Our family has plenty of old photos related to the Stafford County Fair and the 4-H program. The photo at the top is from 1967. Randy was a 5th grader and in his first year in Stafford County 4-H with his first 4-H beef project.

Our kids continued that tradition 25 years later or so. Jill's and Brent's 4-H records take up a yardstick-long piece of book shelf real estate in the office. But what you learn in 4-H is much more valuable than you can encapsulate in a record book.

Before you can confidently lead your bucket calf into the show ring at the county fair, you have to put in the time.
You sometimes have to dig in your heels and keep practicing - day after day after day.
You have to go out and feed the calves before school and check on them after you get home.
But the 4-H program does more than help you figure out how to lead a calf in a show ring or how to show a pig.
It's about becoming a leader and teaching what you know to other people, too.
Jill's friend, Holly, & Jill making pretzels for a demonstration
Jill, several years later, teaching that skill to someone else - with the same apron!

A few years ago, The High Plains Journal ran a story about 4-H that shared this study:
Young people in 4-H are three times more likely to contribute to their communities than youth not participating in 4-H.
4-Hers all across the nation are empowered to take on the leading issues of their towns, counties and states and make a lasting difference. ... 4-H youth get the hands-on, real-world experience they need to become leaders and to make positive differences in their communities.
"The 4-H Study of Positive Youth Development"
 from Tufts University 
While I didn't take livestock to the Pratt County Fair, I did my share of foods talks and experimented with recipes before taking them to the fairgrounds to be judged. I learned to sew and crochet, too. But it was the leadership skills that most impacted my life as a child and today.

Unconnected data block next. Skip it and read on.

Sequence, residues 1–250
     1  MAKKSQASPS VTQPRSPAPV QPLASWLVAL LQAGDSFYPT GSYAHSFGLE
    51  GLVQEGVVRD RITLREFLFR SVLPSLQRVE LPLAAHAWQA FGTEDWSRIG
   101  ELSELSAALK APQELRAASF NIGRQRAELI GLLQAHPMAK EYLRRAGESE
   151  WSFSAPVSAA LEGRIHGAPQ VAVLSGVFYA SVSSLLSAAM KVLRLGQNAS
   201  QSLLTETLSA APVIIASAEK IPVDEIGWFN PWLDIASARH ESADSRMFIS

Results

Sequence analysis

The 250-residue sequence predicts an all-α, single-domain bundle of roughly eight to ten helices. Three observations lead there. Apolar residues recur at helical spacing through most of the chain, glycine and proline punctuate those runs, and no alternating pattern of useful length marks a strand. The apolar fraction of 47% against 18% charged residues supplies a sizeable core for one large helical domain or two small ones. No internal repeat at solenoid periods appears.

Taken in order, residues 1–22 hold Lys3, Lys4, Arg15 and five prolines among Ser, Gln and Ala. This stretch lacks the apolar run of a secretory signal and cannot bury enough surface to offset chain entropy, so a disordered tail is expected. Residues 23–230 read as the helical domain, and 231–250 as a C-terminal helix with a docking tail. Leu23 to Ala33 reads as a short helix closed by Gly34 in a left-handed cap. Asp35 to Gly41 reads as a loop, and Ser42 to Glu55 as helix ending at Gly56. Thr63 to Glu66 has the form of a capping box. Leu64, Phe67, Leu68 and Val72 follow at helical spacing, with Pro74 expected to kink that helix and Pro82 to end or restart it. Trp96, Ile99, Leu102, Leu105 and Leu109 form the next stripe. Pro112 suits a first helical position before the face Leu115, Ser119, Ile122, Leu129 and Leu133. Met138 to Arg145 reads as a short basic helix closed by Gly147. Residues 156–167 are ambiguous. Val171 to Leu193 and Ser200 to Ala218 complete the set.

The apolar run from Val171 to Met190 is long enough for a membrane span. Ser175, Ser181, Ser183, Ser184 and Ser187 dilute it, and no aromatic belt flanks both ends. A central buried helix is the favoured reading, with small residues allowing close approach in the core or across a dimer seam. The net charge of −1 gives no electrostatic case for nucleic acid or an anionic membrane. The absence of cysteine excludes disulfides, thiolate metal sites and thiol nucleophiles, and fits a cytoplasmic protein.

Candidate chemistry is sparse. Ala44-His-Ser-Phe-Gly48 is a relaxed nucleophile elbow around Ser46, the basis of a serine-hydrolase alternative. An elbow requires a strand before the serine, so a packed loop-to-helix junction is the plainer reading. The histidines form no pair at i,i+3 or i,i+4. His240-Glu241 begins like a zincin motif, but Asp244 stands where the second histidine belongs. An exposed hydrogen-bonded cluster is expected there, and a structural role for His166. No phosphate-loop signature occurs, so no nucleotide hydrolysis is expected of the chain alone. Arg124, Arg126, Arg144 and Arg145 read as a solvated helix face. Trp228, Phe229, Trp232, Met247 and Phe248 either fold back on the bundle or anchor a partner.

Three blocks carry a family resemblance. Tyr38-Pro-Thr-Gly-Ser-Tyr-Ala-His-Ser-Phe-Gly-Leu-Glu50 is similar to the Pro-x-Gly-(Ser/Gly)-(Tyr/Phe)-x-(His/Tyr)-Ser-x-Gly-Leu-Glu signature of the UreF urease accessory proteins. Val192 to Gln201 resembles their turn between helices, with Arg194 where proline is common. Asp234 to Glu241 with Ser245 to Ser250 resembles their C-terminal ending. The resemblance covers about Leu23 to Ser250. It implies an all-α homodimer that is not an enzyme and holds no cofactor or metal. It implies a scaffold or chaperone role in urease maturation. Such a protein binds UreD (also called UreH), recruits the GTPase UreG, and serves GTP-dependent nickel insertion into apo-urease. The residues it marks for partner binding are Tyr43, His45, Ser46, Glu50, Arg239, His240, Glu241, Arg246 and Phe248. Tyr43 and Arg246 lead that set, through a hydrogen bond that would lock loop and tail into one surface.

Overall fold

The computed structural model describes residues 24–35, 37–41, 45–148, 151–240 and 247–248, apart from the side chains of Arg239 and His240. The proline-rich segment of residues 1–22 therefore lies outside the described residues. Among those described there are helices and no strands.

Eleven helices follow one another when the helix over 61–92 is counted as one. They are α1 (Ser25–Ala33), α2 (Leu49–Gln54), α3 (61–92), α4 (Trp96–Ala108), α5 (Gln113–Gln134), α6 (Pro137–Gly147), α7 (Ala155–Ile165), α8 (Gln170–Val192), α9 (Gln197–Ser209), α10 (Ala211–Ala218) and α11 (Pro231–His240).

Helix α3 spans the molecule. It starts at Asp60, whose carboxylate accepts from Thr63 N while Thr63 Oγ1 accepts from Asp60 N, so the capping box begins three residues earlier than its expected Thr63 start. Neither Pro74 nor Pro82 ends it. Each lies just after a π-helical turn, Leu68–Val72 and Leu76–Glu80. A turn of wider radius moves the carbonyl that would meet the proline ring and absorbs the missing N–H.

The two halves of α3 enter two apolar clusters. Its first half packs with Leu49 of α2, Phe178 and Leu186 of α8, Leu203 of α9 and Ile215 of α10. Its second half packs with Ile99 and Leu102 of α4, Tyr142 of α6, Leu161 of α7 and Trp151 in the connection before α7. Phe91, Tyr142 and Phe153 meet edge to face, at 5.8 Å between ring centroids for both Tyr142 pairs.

I made the cookies and the dress.
My family's involvement with 4-H started with my parents back in the 1940s. Both were members of the Lincoln Bluebirds 4-H Club in Pratt County, the club that my siblings and I later joined. (It later combined with another club and became the Lincoln Climbers.) All four of us and all seven of the grandchildren have been part of the 4-H program, two in Pratt County in the same club their grandparents attended, two in Stafford County and three in Clay County.

Randy's parents were leaders in the Stafford County 4-H program, too, though we're not sure they were 4-H members themselves. For a dozen years, Randy & I were community leaders of the Corn Valley 4-H Club, the same club Randy was a part of back when he took his first steer to the fair.

In 2006, we celebrated 100 years of Kansas 4-H. The youth program has been part of the national landscape since 1902.

The 4-H website says:
The 4-H idea is simple: help young people and their families gain the skills they need to be proactive forces in their communities and develop ideas for a more innovative economy. That idea was the catalyst to begin the 4-H movement, and those values continue today.
Growing through 4-H isn't like magic (though that self-determined project was one of Brent's favorites when he was a little guy.)
There's no sleight of hand. It requires putting in the time and effort - as an individual, as a family and as a community.

That's how the magic happens ... the kind that lasts a lifetime.

We aren't community leaders or project leaders anymore, but we do help out in small ways during the fair. I am a superintendent with 4-H foods judging, and Randy usually helps with the hogs, though he wasn't able to this year.We also are proud to sponsor some of the awards. We chose project areas that were important to us or our children, like the Grand Champion awards for foods and for bucket calf.  We also sponsor a dog award in memory of Randy's mom, Marie, who was a dog leader in the county for years.

The bucket calf award will get handed out this afternoon, and the market beef show is later tonight. It still tugs at my heart a little bit to watch pony-tailed girls and proud little boys walk into the ring with their bucket calves. I always wish I could hear what they are telling the judge!

Randy and I also made some entries. After our nearly month-long wheat saga (a wrap-up is coming next week), Randy earned a second-place finish in the Market Wheat Show. Since we got 2.20" of rain yesterday morning, he was there to pick up his prize. Several of my photos did well in the open class photography judging. Once a 4-Her, always a 4-Her, I guess!

This post is revised from the archives.